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The NASA Mars InSight Landing: back to the red planet once again



More than six months and 300 million miles since it was launched from the Vandenberg Air Force Base in California, the NASA InSight lander is due to reach Mars on Monday to study the red planet.

NASA's study of Mars has focused on the surface of the planet and the possibility of life at an early stage in its history. In contrast, the InSight mission, the name is a compression of interior exploration using seismic investigations, geodesy and heat transport, will study the mysteries of the deep interior of the planet, with the objective of answering geophysical questions about its structure, composition and how it was formed .

The touchdown is expected to occur in 2:54 p.m. Eastern Time.

To be precise, that is the "time of reception of the Earth": when the signal that informs of the landing arrives at the Earth (and the applause in the control room begins).

The actual landing is scheduled to occur at 2:47 p.m. The radio signal then has to travel 91 million miles to Earth from Mars, arriving about 8 minutes later. (the amount of time it takes for light to travel here).

Therefore, the InSight landing vehicle will use a series of mechanisms (a heat shield, parachutes and rocket motors) to reduce the speed. It is reaching the Martian surface at a speed of 5 miles per hour. Sixteen minutes later, to allow time for the dust to come out of the landing to settle, the spacecraft would deploy its solar panels.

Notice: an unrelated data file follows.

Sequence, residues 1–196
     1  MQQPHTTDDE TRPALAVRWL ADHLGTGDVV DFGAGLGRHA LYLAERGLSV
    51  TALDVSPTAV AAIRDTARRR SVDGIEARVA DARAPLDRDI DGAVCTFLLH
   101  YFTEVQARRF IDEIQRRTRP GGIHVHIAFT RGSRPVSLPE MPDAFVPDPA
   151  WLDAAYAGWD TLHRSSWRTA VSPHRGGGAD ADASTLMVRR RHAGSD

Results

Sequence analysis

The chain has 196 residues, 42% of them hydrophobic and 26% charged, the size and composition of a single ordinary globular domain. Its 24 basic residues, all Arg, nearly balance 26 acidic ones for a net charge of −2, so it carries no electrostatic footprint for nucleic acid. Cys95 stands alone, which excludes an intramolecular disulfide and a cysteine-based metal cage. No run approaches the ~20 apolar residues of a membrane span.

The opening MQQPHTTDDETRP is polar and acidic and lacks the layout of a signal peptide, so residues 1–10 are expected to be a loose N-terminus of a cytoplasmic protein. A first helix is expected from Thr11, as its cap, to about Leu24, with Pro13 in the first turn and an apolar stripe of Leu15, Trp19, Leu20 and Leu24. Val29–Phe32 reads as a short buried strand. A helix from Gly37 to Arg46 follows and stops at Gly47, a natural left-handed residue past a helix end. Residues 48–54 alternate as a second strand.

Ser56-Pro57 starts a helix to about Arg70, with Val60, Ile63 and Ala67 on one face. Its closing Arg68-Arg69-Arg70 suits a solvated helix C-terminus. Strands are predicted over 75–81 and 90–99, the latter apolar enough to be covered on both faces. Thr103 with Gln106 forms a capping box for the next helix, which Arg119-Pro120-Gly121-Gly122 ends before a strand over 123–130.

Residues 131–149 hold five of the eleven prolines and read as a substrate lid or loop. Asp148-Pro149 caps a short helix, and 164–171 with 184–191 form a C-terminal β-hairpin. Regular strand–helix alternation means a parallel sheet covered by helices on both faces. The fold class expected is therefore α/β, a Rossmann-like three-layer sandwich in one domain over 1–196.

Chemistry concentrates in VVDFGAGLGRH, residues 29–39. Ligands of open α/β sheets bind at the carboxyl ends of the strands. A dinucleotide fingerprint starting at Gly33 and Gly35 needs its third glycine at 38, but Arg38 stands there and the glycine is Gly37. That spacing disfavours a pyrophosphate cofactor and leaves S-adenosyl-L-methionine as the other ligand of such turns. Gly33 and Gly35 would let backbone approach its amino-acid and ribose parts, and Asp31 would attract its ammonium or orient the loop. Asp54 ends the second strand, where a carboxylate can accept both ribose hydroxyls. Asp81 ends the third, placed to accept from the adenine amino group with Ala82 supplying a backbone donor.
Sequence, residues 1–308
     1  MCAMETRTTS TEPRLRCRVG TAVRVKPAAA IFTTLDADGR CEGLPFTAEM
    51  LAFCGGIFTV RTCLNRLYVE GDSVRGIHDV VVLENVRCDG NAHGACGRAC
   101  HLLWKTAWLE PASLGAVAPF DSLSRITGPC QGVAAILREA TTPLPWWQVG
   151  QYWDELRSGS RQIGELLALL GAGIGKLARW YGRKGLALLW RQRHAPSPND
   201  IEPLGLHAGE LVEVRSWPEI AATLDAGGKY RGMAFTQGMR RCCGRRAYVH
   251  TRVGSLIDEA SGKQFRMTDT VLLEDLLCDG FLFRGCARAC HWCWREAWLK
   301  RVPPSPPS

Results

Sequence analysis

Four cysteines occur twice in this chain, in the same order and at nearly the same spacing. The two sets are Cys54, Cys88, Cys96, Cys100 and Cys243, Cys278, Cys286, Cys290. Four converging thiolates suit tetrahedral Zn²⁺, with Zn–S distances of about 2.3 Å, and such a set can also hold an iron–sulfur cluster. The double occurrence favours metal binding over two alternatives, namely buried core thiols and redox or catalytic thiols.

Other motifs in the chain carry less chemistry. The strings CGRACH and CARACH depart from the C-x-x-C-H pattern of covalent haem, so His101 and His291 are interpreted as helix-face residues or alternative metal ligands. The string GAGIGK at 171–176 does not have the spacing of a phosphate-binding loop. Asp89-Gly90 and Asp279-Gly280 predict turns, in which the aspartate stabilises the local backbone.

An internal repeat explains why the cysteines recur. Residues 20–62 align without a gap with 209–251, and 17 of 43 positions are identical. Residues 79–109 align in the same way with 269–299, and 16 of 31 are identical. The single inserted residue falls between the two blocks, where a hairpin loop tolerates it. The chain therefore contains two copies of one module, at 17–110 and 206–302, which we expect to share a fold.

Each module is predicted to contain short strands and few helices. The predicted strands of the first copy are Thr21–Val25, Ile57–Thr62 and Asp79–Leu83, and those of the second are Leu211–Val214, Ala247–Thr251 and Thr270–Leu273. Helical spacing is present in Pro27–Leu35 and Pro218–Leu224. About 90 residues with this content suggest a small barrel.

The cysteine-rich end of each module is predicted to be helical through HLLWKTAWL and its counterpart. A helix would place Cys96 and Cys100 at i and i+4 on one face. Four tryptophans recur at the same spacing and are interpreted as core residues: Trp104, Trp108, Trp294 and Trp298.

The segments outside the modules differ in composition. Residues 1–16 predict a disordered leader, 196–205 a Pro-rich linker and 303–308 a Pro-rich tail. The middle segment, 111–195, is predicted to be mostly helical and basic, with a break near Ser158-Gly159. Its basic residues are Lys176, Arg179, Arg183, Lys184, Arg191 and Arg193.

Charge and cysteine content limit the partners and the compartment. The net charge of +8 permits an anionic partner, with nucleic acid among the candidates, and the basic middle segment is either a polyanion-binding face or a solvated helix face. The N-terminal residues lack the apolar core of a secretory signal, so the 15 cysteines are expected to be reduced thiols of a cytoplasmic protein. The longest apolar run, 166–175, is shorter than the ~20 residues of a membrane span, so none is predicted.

NASA engineers know that the system can work. The InSight design is almost identical to the Phoenix Mars landing that was successfully established on Mars in 2008.

The landing place has the idyllic name Elysium Planitia, near the equator in the northern hemisphere. Mission scientists have described the region as a parking lot or "Kansas without corn."

That is intentional. Because the mission is not interested in rocky terrain or beautiful sunsets, the planners chose the flattest and safest place the spacecraft could land on.

How often does the soil tremble with the marsquakes? How big is the molten core inside Mars? How thick is the crust? How much heat is flowing above the Disintegration of radioactive elements in the core of the planet? These are some of the questions that mission scientists hope to answer.

InSight carries two main instruments: a dome-shaped package containing seismometers and a heat probe that is buried approximately 16 feet down. NASA has spent $ 814 million on InSight. In addition, France and Germany invested $ 180 million to build these major instruments.


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